Interviewed by Sue Leonard
Howard Jacobson is in ebullient mood. He’s extolling the merits of Dublin’s Brooke’s Hotel, saying it’s a far cry from the dump he was put up in on his last visit to Dublin, in 2005.
“I vowed, then, I’d never come back to Ireland,” he says, laughing.
Jacobson isn’t averse to changing his mind. He’s denounced the Man Booker Prize over the years, both for the ‘light’ quality of some of the winning books, and for the lack of literary prowess of some of the judging panels. But he admits with élan that his win this year, at 68, after decades of waiting, has, quite simply, changed his life. And he couldn’t be more pleased.
“It changes everything,” he says. “It changes your name and it changes your previous books. It’s like a vindication really. I was getting very sick of being described as an underrated writer. I was perfectly well known but there was this question mark.
“The Finkler Question,’ will probably end up selling more copies worldwide than all my other books put together. It’s sold to 23 countries so far. It’s sold to China. And to Israel, who, until now, have considered my books too Jewish.”
Jacobson is often compared to Philip Roth – and his literary comic-tragedies do have echoes of the American master, but once, in a fit of pique, Jacobson said he thought of himself more as a Jewish Jane Austen.
“I was bored with the comparison,” he says now. “I consider Roth the greatest living writer, but I’ve studied and taught English Literature all over the world. I’m a Dickens man; a George Eliot and Johnson man.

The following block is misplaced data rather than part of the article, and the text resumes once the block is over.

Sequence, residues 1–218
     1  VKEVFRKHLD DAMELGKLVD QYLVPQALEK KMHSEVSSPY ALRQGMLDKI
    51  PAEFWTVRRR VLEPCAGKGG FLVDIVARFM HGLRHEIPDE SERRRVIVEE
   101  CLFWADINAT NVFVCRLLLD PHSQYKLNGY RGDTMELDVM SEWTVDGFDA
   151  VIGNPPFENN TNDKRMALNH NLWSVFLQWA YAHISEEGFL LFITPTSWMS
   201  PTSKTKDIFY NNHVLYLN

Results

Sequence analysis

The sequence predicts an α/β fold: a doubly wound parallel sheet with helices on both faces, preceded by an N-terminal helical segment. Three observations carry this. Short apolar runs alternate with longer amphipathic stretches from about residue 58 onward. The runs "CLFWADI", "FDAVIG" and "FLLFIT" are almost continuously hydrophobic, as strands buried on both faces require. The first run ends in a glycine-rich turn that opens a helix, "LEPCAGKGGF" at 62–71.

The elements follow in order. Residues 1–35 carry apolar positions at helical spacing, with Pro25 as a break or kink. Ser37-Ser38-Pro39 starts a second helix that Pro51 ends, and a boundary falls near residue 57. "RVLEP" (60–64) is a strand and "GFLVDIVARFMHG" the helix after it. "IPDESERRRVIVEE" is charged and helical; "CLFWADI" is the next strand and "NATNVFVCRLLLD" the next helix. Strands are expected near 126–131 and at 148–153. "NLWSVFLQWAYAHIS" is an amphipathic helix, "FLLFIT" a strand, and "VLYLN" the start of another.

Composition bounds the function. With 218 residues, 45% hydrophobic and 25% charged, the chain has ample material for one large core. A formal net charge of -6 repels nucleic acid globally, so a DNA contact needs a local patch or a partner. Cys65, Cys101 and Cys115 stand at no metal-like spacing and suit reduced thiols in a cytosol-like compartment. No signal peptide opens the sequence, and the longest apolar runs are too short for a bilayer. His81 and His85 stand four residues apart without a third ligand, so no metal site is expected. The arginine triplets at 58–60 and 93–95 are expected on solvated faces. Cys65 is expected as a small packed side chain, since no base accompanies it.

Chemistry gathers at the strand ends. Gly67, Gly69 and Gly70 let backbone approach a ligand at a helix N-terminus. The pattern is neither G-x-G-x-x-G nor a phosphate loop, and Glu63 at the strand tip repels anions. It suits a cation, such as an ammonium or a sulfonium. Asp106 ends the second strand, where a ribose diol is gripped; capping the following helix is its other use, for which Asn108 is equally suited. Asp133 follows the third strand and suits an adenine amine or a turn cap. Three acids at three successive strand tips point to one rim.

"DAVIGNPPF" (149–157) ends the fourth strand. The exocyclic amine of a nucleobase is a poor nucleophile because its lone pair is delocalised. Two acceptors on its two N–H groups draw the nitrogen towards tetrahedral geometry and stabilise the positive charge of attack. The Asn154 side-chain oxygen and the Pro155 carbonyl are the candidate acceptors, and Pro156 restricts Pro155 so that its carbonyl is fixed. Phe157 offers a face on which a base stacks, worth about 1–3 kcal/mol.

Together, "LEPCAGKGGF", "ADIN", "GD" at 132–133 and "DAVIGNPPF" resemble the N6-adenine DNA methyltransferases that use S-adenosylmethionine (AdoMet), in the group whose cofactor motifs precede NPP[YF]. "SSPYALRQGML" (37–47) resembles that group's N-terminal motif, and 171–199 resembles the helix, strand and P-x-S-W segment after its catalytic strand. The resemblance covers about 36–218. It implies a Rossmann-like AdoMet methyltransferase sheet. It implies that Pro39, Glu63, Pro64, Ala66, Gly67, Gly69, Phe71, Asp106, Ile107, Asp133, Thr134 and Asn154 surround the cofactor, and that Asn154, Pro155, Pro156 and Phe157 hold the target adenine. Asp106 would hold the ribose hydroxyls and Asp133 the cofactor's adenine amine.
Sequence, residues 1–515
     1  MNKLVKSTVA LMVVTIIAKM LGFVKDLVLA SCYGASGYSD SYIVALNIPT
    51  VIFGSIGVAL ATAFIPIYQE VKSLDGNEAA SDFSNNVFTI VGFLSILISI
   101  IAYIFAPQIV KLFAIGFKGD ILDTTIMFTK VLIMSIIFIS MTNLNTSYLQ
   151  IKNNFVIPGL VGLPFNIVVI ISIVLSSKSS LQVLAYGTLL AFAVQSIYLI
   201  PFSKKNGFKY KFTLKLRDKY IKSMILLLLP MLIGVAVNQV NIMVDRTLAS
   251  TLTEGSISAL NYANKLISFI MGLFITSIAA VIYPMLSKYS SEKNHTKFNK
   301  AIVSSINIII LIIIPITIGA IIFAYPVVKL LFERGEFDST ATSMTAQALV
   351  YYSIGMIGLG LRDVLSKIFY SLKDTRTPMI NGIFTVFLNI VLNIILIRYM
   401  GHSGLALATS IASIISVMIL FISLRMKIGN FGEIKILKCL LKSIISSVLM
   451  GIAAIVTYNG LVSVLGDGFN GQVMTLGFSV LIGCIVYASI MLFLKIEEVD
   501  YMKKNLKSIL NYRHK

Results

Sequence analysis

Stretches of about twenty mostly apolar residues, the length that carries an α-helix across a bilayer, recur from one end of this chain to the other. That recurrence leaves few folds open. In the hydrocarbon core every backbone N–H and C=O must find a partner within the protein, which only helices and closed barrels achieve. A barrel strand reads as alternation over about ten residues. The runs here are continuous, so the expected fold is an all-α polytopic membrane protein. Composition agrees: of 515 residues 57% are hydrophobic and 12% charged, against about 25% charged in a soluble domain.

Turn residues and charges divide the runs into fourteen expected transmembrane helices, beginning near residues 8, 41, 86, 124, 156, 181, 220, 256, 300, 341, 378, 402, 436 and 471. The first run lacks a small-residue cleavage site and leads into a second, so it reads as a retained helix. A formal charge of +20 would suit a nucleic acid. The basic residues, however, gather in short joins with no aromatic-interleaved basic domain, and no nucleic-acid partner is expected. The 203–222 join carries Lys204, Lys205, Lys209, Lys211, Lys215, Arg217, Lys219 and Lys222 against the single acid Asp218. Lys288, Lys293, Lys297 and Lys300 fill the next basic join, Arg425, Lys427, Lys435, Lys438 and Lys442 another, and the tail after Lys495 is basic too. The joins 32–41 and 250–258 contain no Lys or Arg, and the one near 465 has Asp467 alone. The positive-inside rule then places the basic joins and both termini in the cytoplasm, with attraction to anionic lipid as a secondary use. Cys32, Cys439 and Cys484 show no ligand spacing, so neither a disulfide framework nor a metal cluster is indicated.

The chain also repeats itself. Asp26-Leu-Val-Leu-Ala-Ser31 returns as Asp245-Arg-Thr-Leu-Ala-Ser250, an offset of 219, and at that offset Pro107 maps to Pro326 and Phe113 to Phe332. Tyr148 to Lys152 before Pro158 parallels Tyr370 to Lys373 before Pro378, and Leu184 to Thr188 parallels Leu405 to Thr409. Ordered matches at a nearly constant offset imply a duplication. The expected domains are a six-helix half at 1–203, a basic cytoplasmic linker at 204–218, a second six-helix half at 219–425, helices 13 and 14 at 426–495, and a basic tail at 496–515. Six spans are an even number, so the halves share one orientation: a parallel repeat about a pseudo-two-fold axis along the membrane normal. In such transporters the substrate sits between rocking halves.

“A clever American once said, ‘what you are actually is Philip Roth and Jane Austen’s love child.” He smiles fondly. “I quite like that.”
Although fascinated with the Jewish faith in all its connotations, Jacobson wasn’t brought up as an orthodox Jew.
“Far from it. I didn’t know what faith was, and for a long time, I wasn’t interested in it. At Cambridge I would entertain gentile friends with Yiddish isms, but I got on with the business of being English and teaching literature.”
He didn’t mean his first novel to explore the Jewish faith, either. But writing a comic novel, he realised making his hero Jewish could emphasise his feeling of being on the outside of things. It helped the joke.
He’s written about it extensively ever since. Yet he feels as much of an outsider in the faith now, as he did when he was at Cambridge.
In ‘The Finkler Question,’ Julian Treslove, an ex BBC man, who has a chequered history with women, examines his friendship with his old school friend, the Jewish philosopher Sam Finkler, and their one time teacher, Libor. Watching his two friends cope with the death of their wives, Treslove turns from having a suspicion of Jewishness, to an envy of his friends religion. He starts to enmesh himself in the traditions, acquiring a Jewish girlfriend along the way.
“I can’t remember how that idea came about, but it is, I think, what makes the book work. It has made the Jewish stuff much more accessible to non-Jewish readers. It’s an easy road in.”